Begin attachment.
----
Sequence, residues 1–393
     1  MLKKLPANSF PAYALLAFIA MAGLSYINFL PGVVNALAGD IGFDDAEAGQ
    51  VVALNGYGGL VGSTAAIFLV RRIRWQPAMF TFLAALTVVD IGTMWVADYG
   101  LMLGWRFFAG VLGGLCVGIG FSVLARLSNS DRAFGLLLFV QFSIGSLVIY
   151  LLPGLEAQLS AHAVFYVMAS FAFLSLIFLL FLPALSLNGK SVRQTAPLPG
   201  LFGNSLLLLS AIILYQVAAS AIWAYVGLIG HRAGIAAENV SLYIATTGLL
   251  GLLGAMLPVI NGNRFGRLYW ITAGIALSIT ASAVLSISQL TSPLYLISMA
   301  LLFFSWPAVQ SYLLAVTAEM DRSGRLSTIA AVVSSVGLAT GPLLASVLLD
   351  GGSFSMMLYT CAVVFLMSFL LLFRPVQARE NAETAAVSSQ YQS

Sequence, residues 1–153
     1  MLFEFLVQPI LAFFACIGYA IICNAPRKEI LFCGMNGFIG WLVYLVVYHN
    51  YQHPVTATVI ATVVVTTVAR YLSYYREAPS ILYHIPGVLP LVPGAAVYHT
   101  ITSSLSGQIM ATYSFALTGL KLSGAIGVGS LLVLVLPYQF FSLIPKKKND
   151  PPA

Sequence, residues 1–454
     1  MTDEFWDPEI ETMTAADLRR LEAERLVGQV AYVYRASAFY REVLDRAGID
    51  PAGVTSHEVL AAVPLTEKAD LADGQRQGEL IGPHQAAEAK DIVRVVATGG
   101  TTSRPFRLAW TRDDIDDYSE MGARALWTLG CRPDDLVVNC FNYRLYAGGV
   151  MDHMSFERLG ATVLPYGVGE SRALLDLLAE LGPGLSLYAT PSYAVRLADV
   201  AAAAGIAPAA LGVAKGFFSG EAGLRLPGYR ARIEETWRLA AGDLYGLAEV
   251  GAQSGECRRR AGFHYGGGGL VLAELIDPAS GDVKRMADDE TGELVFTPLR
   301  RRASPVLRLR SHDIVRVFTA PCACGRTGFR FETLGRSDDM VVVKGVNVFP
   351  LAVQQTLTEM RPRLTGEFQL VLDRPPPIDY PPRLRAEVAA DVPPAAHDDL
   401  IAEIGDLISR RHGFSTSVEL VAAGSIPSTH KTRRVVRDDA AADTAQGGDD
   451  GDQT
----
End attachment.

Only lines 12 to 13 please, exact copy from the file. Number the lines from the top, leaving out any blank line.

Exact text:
    51  YQHPVTATVI ATVVVTTVAR YLSYYREAPS ILYHIPGVLP LVPGAAVYHT
   101  ITSSLSGQIM ATYSFALTGL KLSGAIGVGS LLVLVLPYQF FSLIPKKKND